Softer behavior resolution directed at Hastings passes 7-0 at Hillsboro City Council


The unanimous passage of a resolution aimed at discouraging elected officials and employees in the city from making offensive social media posts was met with applause Monday evening at a Hillsboro City Council meeting, following numerous criticisms over the past several months from members of the community regarding some of Mayor Drew Hastings’ comments, both online and offline.

The first draft of the resolution, written in September, slammed the mayor for his social media posts, describing the content of his posts as “pejoratives for African Americans, Muslims, Chinese, white supremacists, diversity, racism, affirmative action, sexual activity, work place violence, queers, gay marriage, women, homophobes, transsexuals, gays, obesity, disabilities and misogyny.”

The most recent version of the resolution, which council passed 7-0 on Monday as an emergency, does not mention the mayor by name, but says city council, “through the leadership of the mayor must set the example and tone for demonstrating respect and integrity,” and “calls on all employees and elected officials of the city to serve the public, and to serve one another, in harmony, kindness, generosity and respect,” by avoiding “coarse and abusive language.”

Hastings was not in attendance on Monday.

Before the vote, Jaymara Captain, who has frequently spoken out against Hastings, read a number of his posts and described the mayor as a “sick, sexist, racist, homophobic whack-a-doo.”

Captain urged council to vote affirmatively on the measure, and said Hastings is “completely exclusive unless you are a white male.”

Richard Stiffler, who has also been critical of the mayor, added, “I’m a white male and he don’t like me either.”

Kati Burwinkel and Brian Vance both said Hastings’ posts were inappropriate.

Vance said he attended the meeting with members of his church “in solidarity.”

“I am a white male, and I will check my privilege,” he said.

Council member Dick Donley asked Hillsboro Law Director Fred Beery to explain the difference between a resolution and an ordinance, and asked if there were any means of enforcement for a resolution such as the one at hand.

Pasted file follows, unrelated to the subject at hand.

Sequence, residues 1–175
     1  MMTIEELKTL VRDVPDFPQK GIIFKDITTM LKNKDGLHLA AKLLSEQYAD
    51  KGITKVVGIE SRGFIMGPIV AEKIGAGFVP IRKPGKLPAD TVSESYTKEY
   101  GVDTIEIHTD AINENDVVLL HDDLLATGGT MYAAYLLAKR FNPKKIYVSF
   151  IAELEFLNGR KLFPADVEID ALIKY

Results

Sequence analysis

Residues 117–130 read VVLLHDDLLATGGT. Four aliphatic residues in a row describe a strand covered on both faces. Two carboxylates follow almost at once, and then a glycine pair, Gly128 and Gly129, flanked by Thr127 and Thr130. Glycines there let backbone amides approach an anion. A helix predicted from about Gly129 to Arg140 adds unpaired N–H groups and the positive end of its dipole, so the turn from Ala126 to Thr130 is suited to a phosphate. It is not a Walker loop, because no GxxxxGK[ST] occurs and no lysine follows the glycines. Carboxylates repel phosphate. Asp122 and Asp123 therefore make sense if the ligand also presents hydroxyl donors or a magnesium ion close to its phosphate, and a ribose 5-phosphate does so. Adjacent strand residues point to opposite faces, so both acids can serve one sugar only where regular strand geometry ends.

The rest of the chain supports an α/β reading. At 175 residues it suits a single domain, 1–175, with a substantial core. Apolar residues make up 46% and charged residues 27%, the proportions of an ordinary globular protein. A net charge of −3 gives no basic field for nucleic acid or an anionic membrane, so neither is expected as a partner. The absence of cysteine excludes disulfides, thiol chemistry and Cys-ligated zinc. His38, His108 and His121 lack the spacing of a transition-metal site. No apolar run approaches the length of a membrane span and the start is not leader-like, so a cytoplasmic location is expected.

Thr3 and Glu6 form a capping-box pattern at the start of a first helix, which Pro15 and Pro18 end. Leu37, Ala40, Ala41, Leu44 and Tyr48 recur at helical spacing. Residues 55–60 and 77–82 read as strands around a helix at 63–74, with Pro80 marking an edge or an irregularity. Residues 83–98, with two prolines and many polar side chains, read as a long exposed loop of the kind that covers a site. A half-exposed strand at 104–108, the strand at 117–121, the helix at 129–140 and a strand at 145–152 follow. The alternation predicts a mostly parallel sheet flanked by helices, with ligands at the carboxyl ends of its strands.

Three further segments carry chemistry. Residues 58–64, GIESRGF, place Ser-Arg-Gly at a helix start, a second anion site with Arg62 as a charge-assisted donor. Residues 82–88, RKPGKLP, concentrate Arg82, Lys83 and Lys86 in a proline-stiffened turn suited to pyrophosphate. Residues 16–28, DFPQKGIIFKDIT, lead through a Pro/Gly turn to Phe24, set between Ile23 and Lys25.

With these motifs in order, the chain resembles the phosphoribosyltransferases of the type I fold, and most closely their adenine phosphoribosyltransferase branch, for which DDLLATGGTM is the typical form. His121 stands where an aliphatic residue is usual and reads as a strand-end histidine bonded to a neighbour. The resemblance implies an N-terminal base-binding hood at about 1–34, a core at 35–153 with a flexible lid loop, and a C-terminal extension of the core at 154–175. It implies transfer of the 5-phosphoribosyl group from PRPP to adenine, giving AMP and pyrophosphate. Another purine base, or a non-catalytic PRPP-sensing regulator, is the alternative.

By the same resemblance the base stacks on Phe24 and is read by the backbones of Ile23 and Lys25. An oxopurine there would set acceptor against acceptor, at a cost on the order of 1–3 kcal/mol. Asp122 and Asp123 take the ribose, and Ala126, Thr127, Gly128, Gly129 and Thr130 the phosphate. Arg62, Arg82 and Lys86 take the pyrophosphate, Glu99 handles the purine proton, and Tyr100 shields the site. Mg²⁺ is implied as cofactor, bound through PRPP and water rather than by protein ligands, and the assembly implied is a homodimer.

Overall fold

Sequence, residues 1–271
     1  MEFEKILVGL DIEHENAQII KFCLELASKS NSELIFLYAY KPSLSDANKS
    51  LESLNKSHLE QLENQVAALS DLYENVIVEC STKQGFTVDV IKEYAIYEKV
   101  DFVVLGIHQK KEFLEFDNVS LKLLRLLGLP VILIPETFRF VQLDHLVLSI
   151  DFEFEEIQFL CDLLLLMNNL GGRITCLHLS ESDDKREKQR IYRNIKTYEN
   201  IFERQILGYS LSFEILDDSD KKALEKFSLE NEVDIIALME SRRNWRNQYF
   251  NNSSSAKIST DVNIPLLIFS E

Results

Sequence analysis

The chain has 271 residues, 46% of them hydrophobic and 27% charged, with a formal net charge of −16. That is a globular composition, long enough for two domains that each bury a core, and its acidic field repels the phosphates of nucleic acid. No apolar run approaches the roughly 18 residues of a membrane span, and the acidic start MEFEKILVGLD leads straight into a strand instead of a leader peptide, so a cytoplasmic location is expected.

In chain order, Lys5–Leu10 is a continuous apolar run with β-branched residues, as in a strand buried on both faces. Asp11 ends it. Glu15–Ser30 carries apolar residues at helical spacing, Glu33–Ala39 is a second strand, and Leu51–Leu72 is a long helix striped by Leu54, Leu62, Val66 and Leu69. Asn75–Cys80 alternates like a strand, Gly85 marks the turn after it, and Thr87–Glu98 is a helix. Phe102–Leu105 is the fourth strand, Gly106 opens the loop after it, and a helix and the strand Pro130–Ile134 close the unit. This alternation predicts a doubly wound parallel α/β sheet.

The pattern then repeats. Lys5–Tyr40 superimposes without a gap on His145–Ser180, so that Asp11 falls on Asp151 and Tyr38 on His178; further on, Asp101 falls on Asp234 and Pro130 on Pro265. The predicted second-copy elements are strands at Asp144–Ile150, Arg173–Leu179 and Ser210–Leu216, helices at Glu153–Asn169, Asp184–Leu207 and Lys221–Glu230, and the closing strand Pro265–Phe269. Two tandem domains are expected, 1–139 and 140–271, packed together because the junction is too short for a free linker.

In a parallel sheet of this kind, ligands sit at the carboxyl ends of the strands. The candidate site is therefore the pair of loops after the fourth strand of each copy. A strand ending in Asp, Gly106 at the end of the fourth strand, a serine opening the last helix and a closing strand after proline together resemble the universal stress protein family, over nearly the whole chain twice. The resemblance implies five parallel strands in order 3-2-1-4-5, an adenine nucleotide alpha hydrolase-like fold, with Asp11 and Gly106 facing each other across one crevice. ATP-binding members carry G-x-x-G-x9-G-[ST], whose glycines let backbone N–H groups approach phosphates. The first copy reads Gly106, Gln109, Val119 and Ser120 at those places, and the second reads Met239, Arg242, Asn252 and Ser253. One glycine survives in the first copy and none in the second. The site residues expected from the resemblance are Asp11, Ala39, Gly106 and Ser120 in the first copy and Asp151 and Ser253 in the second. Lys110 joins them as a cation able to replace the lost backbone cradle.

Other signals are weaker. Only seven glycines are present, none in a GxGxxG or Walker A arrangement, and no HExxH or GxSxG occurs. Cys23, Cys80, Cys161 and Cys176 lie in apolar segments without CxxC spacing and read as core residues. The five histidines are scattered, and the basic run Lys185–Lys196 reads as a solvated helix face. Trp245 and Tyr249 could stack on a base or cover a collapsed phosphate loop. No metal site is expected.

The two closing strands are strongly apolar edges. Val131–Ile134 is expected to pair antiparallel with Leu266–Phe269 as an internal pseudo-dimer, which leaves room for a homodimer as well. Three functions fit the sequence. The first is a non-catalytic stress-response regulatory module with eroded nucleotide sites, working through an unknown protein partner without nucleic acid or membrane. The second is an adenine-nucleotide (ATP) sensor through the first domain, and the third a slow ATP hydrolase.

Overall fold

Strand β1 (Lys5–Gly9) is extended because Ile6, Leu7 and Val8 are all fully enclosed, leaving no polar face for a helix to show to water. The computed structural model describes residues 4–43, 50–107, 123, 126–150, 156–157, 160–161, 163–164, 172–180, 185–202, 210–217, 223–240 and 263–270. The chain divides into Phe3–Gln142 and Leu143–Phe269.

Beery said resolutions address specific matters, while ordinances cover more general affairs.

“It does not create a set of penalties,” Beery said of the resolution, but “it does draw a line in the sand,” and can outline the expectations of council. Beery said such resolutions are rare.

Council member Ann Morris said much of the public debate about Hastings’ posts has been due to misunderstanding, and that everyone has said things they regret.

“A lot of (Hastings’) opinions are out of line, a lot of his opinions are good,” she said.

Either way, Morris added, council does not have any type of authority over the mayor.

Council member Justin Harsha, who moved that the resolution pass as an emergency rather than through three readings, said, “For me, this goes without saying.”

Council member Tracy Aranyos said, “It’s not council’s job to make opinions on opinions,” adding that the resolution is not a law, but a statement.

Council member and employee relations committee chair Bill Alexander disagreed, and said it is council’s responsibility to demonstrate a stance on the matter, and that the goal of the resolution is not to stifle anyone’s freedom of speech, but to instead state there are lines that should not be crossed when it comes to public officials’ communication.

After the resolution passed, a number of people in the audience gave a round of applause.

In other business, council heard a second reading on an ordinance creating two Downtown Redevelopment Districts.

In the mayor’s report earlier in the meeting, which Hillsboro Safety and Service Director Mel McKenzie read aloud in Hastings’ absence, the mayor wrote that he was perplexed as to why a number of people in attendance at earlier public meetings on the matter seemed confused about the legislation.